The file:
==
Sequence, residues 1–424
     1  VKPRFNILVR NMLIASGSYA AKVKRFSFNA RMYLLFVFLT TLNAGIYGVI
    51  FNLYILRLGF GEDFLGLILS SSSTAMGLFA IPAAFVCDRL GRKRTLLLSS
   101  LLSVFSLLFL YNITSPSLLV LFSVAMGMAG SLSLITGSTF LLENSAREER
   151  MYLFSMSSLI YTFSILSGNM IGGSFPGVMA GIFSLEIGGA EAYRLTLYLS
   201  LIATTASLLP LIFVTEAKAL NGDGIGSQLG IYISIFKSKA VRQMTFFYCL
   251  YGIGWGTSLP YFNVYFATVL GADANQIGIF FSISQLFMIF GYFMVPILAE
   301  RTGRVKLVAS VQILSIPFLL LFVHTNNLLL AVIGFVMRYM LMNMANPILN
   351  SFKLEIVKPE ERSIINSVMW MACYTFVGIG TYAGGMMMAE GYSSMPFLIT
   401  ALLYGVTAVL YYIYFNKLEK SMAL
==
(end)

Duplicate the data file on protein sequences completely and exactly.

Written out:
Sequence, residues 1–424
     1  VKPRFNILVR NMLIASGSYA AKVKRFSFNA RMYLLFVFLT TLNAGIYGVI
    51  FNLYILRLGF GEDFLGLILS SSSTAMGLFA IPAAFVCDRL GRKRTLLLSS
   101  LLSVFSLLFL YNITSPSLLV LFSVAMGMAG SLSLITGSTF LLENSAREER
   151  MYLFSMSSLI YTFSILSGNM IGGSFPGVMA GIFSLEIGGA EAYRLTLYLS
   201  LIATTASLLP LIFVTEAKAL NGDGIGSQLG IYISIFKSKA VRQMTFFYCL
   251  YGIGWGTSLP YFNVYFATVL GADANQIGIF FSISQLFMIF GYFMVPILAE
   301  RTGRVKLVAS VQILSIPFLL LFVHTNNLLL AVIGFVMRYM LMNMANPILN
   351  SFKLEIVKPE ERSIINSVMW MACYTFVGIG TYAGGMMMAE GYSSMPFLIT
   401  ALLYGVTAVL YYIYFNKLEK SMAL